As a child I was never very good at the Ishihara Test for colour blindness and I’m no better at it now. I can’t pick the numbers in any of the below even though it’s usually screamingly obvious to anyone without a degree of male-pattern red-green colour blindness. These are the people who, when I […]
Tag: the forces operating against a useful architecture
For me, this linking of Brutalism with the Solomon R. Guggenheim is the last straw. There’s little point recalling Brutalism’s former role of applying economies of materials and the rationalities of construction to fill a social need. That all belonged to a time three quarters of a century ago when national governments were still concerned […]
Rats! I didn’t win or even get an honorable mention in the2020 Architectural Fairy Tales Competition.I know, I know. I knowI shouldn’t have written an architectural parablein which everyone got what they thought they wantedand lived happily for a while. The Red Igloo Once upon a time, all Inuit people made igloos the same way. […]
The 1970s obsession with “go faster” stripes on cars manifested itself in Australia with the Ford Capri and GM’s Holden Monaro. The stripes didn’t make the cars go any faster but they did indicate the vehicle had a higher-performance specification. In only a few years time, post modernism and signifiers detached from signifieds were to become […]
The Space Merchants is a 1952* science fiction novel by Frederick Poihl and C.M. Kornbluth, depicting a future world in which industry and advertising are completely merged and working to market sham products to a human underclass called “users”. As I write, industry and advertising aren’t yet the same thing but they may as well […]
The first difference I noticed in my recent ArchDaily bingewatch [c.f. Misfits’ Trienniale] was how less intrusive text was. It was now optional with a “Read more” link that, to be accurate, should probably more correctly read “Read?” Clicking it loaded the “story” as images interspersed with text mostly describing those images – the captions, basically. […]
A smart city is a data-mining machine for living in.
Large buildings don’t build themselves. They’re always going to be the product of some well thought-out and scaled-up system of production. The field of project management exists to comprehend and control this system to deliver the required result at the appropriate level of quality, the required budget and the required time. I used to begin […]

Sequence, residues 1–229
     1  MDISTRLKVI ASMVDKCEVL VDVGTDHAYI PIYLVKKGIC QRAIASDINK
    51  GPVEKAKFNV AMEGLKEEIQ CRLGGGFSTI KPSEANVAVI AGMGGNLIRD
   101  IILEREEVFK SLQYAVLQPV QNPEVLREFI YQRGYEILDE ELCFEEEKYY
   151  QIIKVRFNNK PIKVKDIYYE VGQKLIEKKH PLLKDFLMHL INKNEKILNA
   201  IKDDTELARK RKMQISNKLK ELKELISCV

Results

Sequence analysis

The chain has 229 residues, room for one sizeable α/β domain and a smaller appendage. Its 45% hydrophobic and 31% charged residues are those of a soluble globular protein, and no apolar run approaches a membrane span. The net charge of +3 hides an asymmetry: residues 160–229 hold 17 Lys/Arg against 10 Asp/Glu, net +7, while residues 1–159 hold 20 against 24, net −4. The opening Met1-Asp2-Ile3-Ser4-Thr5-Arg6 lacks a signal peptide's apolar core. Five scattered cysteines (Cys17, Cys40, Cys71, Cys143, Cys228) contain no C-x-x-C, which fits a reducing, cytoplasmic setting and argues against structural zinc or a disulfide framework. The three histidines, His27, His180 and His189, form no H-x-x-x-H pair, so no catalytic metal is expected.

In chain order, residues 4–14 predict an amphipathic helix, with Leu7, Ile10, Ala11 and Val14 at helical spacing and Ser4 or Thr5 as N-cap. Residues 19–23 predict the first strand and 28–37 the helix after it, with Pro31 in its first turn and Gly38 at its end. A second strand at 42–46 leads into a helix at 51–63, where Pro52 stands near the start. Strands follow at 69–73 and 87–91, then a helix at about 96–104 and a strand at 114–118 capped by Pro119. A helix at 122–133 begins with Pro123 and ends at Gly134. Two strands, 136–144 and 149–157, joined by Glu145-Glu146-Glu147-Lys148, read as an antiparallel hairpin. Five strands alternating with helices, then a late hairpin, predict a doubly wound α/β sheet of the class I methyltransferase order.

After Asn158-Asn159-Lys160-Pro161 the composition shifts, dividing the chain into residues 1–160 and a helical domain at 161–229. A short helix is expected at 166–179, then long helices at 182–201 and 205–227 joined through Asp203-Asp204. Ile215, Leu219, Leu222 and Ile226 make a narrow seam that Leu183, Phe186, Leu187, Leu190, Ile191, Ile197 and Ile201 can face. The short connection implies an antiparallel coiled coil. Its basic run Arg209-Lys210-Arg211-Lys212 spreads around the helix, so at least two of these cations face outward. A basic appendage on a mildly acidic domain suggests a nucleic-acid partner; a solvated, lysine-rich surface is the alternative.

An Unfinished Experiment in Living is the title of a 2018 book describing Australian architect-designed houses over the period 1950–1965, and how they not only reflected what was happening in Australian society but created the grounds for wider changes. It was a time when architecture could make a difference – until it wasn’t anymore. Hence the […]
Late last year I visited the site of the Solar Decathlon Middle East 2018, held in Dubai. The overall winner was Virginia Tech with their FutureHAUS. Here’s a vid overview. Early on we see images of robots making automobiles, as if this is how those larger consumer objects known as houses could and should be […]
This book "100 Ideas That Changed Architecture" raised questions about the ideas that define it.
Representing a myth a people like to believe about themselves is a sure-fire path to everlasting fame as an architect. Frank Lloyd Wright did it with Fallingwater which is not so much a poem to bountiful American Nature but to the pioneers claiming and taming it. Tadao Ando did it with his Sumiyoshi House that perpetrated the Japanese ascetic aesthetic myth we […]
When we have an architecture that fulfils no shelter need, it’s no surprise we get vertical farm proposals that satisfy no real food requirement. Vertical farms are not going to look like this. Ever. They’ll most likely look like this if they don’t already – sheds providing conditions suitable for plants to grow. Plants being plants, those […]
The ancient Romans believed genius loci was the protective spirit of a place. Here’s genius in the middle, fresco-bombed by a serpent circa 70BC Pompeii. These days we’re too modern to believe in spirits. Instead, we like to think genius loci refers to a place’s distinctive atmosphere or feel or spirit, rather than any guardian spirit per se. In […]